The latest update in the dramatic saga that Woodstock 50 has become is the denial of a permit to hold the festival at Vernon Downs casino and raceway in Vernon, NY, where the the event’s organizers had planned to move it to after the original site in Watkins Glen fell through.

Promoter Michael Lang—who has been the face of Woodstock 50 and was involved in the creation of the original legendary festival in 1960—and his team opted to apply for a temporary event permit at Vernon Downs for a festival that would not include camping and would have a much smaller attendance than originally touted when they first announced their plan (35,000 instead of 80,000).

Variety reports that the permit application submitted by the Woodstock 50 team was not sufficient, nor was it submitted with the required time left before the event took place (Woodstock 50 is supposed to take place Aug. 16–18). “It’s been chaotic,” Oneida County Executive Anthony Picente Jr. tells Variety, also calling the possibility of Woodstock happening at Vernon Downs “a near impossibility” and comparing the fiasco to the infamous Woodstock 99 event.

For their part, Woodstock 50’s organizers released a statement after the permit denial, saying that they suspected that “certain political forces may be working against the resurrection of the Festival.”

Today, Billboard added to the conversation, reporting that sources claim that the Woodstock 50 team had actually begun to turn the tide of lackluster planning, having reportedly secured 25 acts from the original lineup to commit to the newly planned location and begun conversations with local law enforcement. Then came a public forum on Monday—during which Oneida County Sheriff Rob Maciol stated, ““If you’re asking me right now, I’m not confident in saying the public will be safe”—and the subsequent permit denial.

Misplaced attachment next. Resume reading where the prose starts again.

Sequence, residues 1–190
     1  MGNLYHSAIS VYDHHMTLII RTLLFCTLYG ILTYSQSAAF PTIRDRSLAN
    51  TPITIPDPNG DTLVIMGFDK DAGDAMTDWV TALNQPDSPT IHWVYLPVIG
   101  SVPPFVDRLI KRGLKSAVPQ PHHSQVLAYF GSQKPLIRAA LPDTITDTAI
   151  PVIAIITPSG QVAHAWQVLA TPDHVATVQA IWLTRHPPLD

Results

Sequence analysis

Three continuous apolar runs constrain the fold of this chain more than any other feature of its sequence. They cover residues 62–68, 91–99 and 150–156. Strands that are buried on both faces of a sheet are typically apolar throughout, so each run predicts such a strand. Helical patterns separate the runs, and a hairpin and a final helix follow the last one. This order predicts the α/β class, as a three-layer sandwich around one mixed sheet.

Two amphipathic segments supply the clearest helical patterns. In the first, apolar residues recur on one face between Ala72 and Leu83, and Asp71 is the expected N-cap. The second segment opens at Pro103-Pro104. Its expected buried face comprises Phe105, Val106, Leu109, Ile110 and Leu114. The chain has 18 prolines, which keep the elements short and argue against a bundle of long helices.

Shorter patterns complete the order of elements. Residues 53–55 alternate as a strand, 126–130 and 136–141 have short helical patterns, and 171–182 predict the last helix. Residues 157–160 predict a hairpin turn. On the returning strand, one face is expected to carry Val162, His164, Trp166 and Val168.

Though Woodstock 50 will re-submit an application and appeal to the county, the future of the festival is very much up in the air. Woodstock 50 LLC president Greg Peck released the following statement following the permit denial:

“We understand the public safety and traffic concerns of the local community. We have been working diligently over the last several weeks to secure the permits needed to hold the festival, and will continue to work with Law Enforcement and Public Safety Officials to present a cohesive safety and traffic plan that will be satisfactory in addressing the concerns.  We appreciate the honest feedback from the Town of Vernon and will continue to address their comments as we enter the final planning phases for Woodstock 50.  We are confident that this careful planning and consideration of community concerns will result in a safe, world-class Festival.’’

Stay tuned for more information on Woodstock 50 as it becomes available.